As one solution to the widely perceived “crisis” in the long-term-care system, state and local agencies have developed methodologies which specify the amount and type of long-term-care services needed in an area. This article focuses on need-based methodologies, and criticizes the use of such formulae as a primary strategy to restructure the long-term-care system. The major weaknesses of this type of methodology are discussed, including faulty assumptions, lack of sufficient data, and the political character of the implementation process.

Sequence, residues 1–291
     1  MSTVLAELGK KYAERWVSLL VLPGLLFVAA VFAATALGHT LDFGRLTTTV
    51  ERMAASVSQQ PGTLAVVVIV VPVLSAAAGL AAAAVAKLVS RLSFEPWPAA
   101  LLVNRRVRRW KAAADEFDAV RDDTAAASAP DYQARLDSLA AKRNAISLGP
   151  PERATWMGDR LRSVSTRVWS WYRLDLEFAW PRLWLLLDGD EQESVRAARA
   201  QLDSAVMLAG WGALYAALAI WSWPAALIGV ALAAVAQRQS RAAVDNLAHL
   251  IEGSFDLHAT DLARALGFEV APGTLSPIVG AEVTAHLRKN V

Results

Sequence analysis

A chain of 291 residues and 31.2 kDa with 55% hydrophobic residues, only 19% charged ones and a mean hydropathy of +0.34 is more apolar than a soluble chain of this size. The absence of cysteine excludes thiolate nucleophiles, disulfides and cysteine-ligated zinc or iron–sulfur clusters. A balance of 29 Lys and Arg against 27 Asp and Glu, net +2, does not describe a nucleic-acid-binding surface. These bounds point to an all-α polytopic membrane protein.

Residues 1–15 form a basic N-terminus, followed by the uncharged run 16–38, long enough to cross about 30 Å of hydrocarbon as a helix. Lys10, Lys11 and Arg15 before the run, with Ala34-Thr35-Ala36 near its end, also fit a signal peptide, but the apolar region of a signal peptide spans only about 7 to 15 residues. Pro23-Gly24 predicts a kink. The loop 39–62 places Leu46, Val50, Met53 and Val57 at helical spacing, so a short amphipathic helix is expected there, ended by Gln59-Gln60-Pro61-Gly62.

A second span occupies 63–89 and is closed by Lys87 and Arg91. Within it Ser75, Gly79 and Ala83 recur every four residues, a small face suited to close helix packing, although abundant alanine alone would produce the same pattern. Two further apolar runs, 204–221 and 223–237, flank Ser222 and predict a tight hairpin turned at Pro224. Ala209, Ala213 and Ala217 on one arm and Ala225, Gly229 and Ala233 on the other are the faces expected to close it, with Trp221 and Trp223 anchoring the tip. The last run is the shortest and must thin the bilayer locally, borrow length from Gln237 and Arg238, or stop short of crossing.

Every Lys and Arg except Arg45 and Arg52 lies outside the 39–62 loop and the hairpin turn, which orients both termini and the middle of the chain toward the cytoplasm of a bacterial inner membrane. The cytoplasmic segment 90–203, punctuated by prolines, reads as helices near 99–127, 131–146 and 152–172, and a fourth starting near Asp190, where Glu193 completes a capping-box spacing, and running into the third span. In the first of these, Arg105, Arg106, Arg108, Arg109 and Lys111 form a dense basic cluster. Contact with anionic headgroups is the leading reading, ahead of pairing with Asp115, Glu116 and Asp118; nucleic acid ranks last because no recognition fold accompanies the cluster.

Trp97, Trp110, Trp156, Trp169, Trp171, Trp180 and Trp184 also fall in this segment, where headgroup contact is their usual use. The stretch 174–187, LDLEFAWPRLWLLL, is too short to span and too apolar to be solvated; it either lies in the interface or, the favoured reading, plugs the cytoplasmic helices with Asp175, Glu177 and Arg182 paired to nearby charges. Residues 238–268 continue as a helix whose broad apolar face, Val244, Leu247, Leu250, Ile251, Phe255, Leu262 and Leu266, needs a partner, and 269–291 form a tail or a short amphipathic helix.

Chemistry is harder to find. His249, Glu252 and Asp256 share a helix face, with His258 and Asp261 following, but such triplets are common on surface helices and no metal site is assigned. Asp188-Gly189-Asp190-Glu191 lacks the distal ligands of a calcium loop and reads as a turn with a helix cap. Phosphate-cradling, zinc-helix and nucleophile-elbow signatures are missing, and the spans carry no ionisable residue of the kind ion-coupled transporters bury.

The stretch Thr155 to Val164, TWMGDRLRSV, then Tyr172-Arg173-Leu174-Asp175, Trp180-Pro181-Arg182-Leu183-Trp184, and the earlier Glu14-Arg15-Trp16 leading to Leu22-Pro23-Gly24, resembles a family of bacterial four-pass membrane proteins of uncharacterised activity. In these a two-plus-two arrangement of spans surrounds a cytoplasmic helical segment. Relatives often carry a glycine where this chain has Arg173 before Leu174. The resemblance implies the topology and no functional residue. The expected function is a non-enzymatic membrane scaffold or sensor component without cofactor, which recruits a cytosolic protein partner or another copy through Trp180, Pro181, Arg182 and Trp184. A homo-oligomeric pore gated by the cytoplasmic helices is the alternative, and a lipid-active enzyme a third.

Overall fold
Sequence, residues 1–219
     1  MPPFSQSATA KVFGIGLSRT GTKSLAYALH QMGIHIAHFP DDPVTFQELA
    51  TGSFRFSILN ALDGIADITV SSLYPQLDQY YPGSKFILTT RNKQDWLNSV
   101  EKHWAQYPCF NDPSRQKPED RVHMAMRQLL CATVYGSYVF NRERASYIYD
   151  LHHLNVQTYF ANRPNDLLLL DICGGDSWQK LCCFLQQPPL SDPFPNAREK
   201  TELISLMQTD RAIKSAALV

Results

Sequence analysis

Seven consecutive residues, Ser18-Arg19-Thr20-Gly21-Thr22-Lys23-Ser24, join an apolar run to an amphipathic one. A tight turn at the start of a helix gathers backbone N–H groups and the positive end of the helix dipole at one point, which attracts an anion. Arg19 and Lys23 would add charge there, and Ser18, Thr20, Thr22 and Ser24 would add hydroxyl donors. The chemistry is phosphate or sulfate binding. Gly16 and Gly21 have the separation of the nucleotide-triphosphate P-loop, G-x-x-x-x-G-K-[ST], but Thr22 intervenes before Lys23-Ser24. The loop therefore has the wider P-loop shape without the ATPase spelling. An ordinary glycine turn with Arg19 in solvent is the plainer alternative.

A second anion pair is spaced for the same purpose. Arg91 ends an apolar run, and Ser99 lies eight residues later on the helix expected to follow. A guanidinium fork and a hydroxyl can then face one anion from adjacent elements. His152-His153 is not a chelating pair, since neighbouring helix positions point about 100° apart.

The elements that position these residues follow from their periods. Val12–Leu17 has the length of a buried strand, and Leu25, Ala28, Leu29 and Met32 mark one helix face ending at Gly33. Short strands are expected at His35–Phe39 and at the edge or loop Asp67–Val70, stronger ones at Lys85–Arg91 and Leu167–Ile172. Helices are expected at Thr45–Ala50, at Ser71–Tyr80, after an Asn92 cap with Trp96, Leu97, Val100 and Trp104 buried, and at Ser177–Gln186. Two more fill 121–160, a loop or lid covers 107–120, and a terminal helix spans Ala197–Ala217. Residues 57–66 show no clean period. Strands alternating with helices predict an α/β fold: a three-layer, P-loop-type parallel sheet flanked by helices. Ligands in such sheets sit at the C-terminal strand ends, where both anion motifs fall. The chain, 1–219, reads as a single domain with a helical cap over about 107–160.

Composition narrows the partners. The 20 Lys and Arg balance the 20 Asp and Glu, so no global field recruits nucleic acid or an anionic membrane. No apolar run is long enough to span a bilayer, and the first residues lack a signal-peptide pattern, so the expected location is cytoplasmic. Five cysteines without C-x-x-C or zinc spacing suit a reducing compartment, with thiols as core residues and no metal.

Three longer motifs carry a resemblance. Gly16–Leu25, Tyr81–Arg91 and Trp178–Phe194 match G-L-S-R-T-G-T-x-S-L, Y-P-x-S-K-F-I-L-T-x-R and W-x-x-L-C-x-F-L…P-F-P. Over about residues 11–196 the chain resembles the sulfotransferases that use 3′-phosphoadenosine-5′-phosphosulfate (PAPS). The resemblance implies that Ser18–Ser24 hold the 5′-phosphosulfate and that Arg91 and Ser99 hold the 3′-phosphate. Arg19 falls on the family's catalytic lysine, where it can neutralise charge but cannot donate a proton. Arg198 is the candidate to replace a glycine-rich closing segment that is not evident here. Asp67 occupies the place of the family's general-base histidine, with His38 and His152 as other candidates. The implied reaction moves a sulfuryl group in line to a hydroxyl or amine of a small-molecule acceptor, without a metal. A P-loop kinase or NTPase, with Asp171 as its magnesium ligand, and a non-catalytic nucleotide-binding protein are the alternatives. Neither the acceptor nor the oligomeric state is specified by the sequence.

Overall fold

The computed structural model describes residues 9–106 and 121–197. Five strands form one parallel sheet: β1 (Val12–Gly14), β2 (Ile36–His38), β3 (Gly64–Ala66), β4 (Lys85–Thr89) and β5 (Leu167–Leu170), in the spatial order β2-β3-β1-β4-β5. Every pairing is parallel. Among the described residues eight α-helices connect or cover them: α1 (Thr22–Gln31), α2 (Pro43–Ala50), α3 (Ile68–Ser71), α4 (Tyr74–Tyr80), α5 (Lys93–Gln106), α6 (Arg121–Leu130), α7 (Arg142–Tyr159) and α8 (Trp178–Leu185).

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Karl Pillemer; How Do We Know How Much We Need? Problems in Determining Need for Long-Term Care. J Health Polit Policy Law 1 April 1984; 9 (2): 281–290. doi: https://doi.org/10.1215/03616878-9-2-281
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